Thanks for all your prayers as we navigate this transition. If you’re still looking for things to pray about, here are some of the major items still on the table.

  • The Girls: They’re both managing the transition just fine, though we did have our first bout of homesickness last night from our youngest daughter. Right now I think they’re both just a little bored, stir crazy, and wanting to hang out with some other kids.
  • A New Church: I hate looking for a new church. I’d rather just find the closest church and go there. But unfortunately it’s rarely that simple. We’d like to find a church as quickly as possible so we can all start to settle in there as well. So we’re hoping that this won’t drag on too long. But we’ll see.
  • Settling in at Wheaton: This week I’ll actually start spending time at Wheaton. I need to move my books, set up my office, and most importantly, start getting to know the faculty and administration.
  • Writing: It’s been months since I was able to write with any kind of regularity. And now I need to get back on track (especially since I now have deadlines for a couple of books that I should probably start working on).

As I said in the title, this will be my last update about the transition. (Unless I change my mind, of course. I do that a lot.) I’ll let you know if anything major changes. Otherwise we’ll just plug along in our new home and wait to see what God has in store for us here.

Flotsam and jetsam (7/22)


Good Reads

  • Young Evangelicals Are Getting High: The kids who leave evangelical Protestantism are looking for something the world can’t give them. The world can give them hotter jeans, better coffee, bands, speakers, and book clubs than a congregation can. What it can’t give them is theology; membership in a group that transcends time, place and race; a historic rootedness; something greater than themselves; ordained men who will be spiritual leaders and not merely listeners and buddies and story-tellers.
  • Why Do We Keep Saying Boys Are Easier? Our seemingly lighthearted comments about the “ease” of sons and the “difficulty” of daughters, though, are steeped in a troubling worldview.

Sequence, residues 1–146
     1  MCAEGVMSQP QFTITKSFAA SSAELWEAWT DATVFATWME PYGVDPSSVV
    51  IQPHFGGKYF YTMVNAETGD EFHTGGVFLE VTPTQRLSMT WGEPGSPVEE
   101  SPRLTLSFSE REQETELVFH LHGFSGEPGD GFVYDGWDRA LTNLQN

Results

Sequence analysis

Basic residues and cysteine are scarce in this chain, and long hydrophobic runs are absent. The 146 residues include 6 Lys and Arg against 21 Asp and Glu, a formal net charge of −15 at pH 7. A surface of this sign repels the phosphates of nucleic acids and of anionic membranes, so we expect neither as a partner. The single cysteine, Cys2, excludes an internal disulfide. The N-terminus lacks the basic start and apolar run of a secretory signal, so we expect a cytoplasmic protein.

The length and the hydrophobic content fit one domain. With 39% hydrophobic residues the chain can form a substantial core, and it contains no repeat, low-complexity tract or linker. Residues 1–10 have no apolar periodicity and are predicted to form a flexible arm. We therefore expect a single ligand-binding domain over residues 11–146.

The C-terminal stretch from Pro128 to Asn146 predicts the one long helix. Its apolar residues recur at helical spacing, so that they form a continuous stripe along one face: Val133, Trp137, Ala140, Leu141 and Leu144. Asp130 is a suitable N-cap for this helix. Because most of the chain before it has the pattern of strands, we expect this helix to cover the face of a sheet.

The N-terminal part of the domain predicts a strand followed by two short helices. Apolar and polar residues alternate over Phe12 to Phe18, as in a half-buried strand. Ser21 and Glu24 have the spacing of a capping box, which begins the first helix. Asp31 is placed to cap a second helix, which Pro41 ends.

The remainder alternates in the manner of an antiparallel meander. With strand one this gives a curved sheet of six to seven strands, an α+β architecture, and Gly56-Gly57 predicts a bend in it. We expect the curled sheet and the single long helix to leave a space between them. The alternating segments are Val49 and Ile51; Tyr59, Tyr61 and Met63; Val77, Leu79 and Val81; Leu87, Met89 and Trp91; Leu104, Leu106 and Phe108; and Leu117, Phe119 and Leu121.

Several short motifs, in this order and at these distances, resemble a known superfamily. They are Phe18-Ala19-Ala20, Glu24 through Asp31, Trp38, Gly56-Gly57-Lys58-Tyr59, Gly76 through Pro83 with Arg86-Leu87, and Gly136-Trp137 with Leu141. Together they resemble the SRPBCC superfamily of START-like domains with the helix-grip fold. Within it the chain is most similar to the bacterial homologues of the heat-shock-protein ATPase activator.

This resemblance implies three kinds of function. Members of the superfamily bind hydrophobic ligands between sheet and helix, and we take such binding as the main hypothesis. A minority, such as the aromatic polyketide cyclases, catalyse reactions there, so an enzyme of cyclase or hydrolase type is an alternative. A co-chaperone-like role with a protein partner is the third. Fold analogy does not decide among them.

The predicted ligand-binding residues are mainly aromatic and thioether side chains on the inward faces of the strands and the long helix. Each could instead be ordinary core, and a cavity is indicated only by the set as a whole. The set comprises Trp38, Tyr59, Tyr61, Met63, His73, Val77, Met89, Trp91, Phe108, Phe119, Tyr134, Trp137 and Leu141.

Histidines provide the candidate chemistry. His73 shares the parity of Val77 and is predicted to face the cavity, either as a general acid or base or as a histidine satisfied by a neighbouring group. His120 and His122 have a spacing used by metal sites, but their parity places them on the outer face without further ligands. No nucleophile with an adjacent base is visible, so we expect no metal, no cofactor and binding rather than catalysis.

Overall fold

• The Wyatt Earp Myth: Earp’s story is thus fundamental to American culture—but it is not the story with which we are familiar. It is not about the redemptive power of violence, but the redemptive power of the media.

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Flotsam and jetsam (6/19)

eyes bigger than stomach (500x442)

Good Reads

  • You Talk Too Much. You Need to Listen For Content: Most people listen to win the interaction.  “Where’s that one word in their response where I can pounce on it and I can crush you like a bug?” But when you have a dialogue with somebody who listens for content,  they’re asking you clarifying questions.  They’re interested in your content.
  • 6 Pillars of a Christian View on Suffering: Ever since the ancient revolt, suffering has been woven, with perplexity and pain, into the fabric of human experience. We all live and move and have our being amid Eden’s wreckage. Affliction and evil—universal as they are real—haunt us, stalk us, plague us.
  • What Does Preaching Do to Your Brain? Is it possible that pastors could use the findings of neuroscience to somehow alter their preaching and, in doing so, get the people in the pews to grasp the theological truths they are trying to communicate?
  • The Six Types of Atheists: Two researchers at University of Tennessee at Chattanooga found that atheists and agnostics run the range from vocally anti-religious activists to nonbelievers who still observe some religious traditions.

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Travel Update….Almost There!